Associated Tales

There is a lot more written about Kolchin than is included in the published novels. There is stuff expunged from earlier drafts, the volume of pages from the unpublished first novel, and various bits and pieces of background – some of which are included on this website in the sections General Geography, Peoples and Places, Characters, and Timelines.

Although most pieces are unfinished, there are various shorter narratives which are being, or have been, completed – and which are and will be published here. The thought is to add ones as and when. But for starters:


The Histories & Prophecies of Dinogad

This piece concerns the valley of Orestol and adds to the story of Fial and Taru in Time & Sorrow. It is best read as part of that novella – I’m not sure it will mean much if read as a stand-alone text.

Richard Bray (summer 2013)

Of Einion: the Allure of the Rose

This is the first Appendix to Time & Sorrow and tells of the last native Sacred King of Orestol before the first Overlord Nantö came over the mountains.”

Richard Bray (spring 2016)

There is also an augmentedpdf version of Of Einion – the Allure of the Rose with a few images not otherwise on this website.

Of Past and Future Ways

“This is the second Appendix to Time & Sorrow and tells of Melior‘s entry into Orestol.”

Richard Bray (spring 2016)

There is also an augmentedpdf version of Of Past and Future Ways.

Of Ikah Ascending

“This third Appendix to Time & Sorrow is very much an aside, but is a story that I’ve long had in my thoughts and references certain concepts of colour I had as a child.”

Richard Bray (summer 2017)

Taru in Transit

“This final Appendix to Time & Sorrow is far and away the most substantial, both in terms of length and importance.

“The original story of the change of fortunes in the valley of Orestol had as its protagonist a character who ended up in The Migrator being referred to as Michael Raven, now Taru. This caused me all sorts of problems, as I mentioned in Away Too Long. The primary one was that I already had a character – Owel in Voice in the Forest – who had come from Earth to Kolchin and I did not want to simply repeat this. A way has been found around this, but while working this out I worked on Taru’s backstory. The latter parts had been written at some length – principally his time in Parasalaya – and now I added the earliest parts of his history – which were originally to be incorporated in a separate work called The Dream-Cycle – on which see the post of the same name.

“But as I worked it became clear that there was much to tell of Taru’s story after the end of Time & Sorrow, and I have been working hard at this for a year or so. This is intended to be a standalone novel, but still requires much more work.

“Of the longer versions of parts of Taru’s story – these may well be uploaded at some future date. To be decided.”

Richard Bray (summer 2017)

There is also an augmented pdf version of Taru in Transit (Parts One, Two, Three and Four) with various images, including a couple not otherwise on this website. It has only been divided into four parts due to its length.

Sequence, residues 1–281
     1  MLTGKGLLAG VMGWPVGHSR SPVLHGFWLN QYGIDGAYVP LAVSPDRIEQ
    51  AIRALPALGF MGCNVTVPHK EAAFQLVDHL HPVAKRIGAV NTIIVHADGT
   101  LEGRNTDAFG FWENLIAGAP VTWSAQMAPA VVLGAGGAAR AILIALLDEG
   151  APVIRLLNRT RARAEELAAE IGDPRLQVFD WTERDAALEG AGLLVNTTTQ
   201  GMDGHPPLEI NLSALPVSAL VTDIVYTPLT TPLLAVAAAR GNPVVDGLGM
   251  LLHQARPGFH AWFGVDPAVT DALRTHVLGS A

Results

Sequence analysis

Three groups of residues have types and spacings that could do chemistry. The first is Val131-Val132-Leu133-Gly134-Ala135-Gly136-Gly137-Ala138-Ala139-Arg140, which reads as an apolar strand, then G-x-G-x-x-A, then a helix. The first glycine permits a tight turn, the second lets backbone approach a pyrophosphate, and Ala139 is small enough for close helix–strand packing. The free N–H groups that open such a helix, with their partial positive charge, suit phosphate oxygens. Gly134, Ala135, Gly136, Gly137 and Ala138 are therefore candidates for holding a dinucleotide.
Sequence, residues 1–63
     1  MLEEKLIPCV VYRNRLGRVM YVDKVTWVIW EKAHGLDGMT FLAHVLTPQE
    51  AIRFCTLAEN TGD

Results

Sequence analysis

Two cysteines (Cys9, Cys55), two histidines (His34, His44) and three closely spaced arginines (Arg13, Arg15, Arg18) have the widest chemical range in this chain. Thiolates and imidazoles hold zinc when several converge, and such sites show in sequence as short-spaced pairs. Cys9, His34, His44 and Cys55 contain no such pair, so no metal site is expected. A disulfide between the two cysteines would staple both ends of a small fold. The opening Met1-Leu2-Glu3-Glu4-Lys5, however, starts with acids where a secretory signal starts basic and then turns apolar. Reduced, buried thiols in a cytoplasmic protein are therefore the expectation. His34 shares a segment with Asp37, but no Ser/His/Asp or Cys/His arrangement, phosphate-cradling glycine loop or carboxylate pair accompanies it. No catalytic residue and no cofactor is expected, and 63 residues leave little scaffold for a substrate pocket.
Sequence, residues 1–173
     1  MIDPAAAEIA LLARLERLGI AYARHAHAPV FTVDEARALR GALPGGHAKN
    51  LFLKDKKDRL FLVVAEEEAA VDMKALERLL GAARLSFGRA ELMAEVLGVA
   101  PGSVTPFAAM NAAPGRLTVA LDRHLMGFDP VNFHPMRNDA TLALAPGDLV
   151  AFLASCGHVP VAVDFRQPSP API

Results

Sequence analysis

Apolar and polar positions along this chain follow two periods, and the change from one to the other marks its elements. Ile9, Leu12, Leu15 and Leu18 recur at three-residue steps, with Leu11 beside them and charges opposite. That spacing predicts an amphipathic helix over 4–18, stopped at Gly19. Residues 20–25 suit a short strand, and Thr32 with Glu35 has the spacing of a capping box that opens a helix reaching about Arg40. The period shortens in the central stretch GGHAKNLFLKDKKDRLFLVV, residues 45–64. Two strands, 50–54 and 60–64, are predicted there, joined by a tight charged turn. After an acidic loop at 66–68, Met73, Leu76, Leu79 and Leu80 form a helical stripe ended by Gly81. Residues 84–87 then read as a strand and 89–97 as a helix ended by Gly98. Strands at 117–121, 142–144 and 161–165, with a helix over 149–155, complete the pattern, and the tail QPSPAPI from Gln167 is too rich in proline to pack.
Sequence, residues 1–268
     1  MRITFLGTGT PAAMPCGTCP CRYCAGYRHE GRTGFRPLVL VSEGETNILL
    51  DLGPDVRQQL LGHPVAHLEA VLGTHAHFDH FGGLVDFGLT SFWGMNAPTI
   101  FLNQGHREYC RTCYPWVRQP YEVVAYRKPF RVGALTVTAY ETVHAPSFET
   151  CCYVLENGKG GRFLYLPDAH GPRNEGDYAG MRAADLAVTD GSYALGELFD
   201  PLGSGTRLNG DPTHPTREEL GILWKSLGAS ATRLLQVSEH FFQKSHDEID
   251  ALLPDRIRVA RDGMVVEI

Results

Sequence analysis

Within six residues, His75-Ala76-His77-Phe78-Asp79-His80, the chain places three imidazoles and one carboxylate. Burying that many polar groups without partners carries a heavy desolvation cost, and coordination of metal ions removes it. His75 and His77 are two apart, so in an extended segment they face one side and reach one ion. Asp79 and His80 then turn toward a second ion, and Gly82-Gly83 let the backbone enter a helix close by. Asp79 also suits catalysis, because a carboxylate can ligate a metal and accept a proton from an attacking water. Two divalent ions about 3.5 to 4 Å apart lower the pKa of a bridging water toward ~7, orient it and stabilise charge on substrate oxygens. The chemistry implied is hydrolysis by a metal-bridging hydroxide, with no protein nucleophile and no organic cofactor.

The Marquis’s Destruction

And they said, Go to, let us build us a city and a tower,
 whose top
may reach unto heaven; and let us make us a name,
lest we be scattered abroad upon the face of the earth.

Genesis: Chapter 11: Verse 4
Holy Bible: King James Version

And in its [the Eiffel Tower’s] height, its structural daring,
 its then-radical use of industrial materials
 for the commemorative purposes of the State,
 it summed up what the ruling classes of Europe
 conceived the promise of technology to be: Faust’s contract,
 the promise of unlimited power over the world and its wealth.

 Robert Hughes, The Shock of the New: Art and the Century of Change, page 11.

The Marquis’s Destruction is based on the tale of Gilgamesh and Enkidu (published by Penguin 60s Classics) and Robert Pogue Harrison’s interpretation in his Forests: The Shadow of Civilisation – but with the threat of civilisation and wilderness flipped. It has gone through a huge number of drafts to try and achieve an archaic but assessable tone.”

  Richard Bray (summer 2012)

There is also an augmentedpdf version of The Marquis’s Destruction, with images and additional pieces of text, but conceived as a whole. It is quite a large file and may take some time to download. Some of the images are also included here.


In Search of the Best of All Worlds

“This short story follows on from the events in Voice in the Forest, and will (perhaps) serve as a bridge to a further novel. I have, however, sought to make In Search of the Best of All Worlds as understandable in isolation as I can, but it will be best comprehended if read after Voice in the Forest: and premature perusal could give away aspects of that novel’s plot.

“This latter part of Owel’s story was originally intended to be part of Voice in the Forest, but did not fit into the final structure of the novel. I also felt it made Voice in the Forest‘s ending too similar to that of The Migrator. I have rewritten and expanded it since the completion of Voice in the Forest and sought to lessen the similarities.”

 Richard Bray (early summer 2012)

There is  apdf of  In Search of the Best of All Worlds available.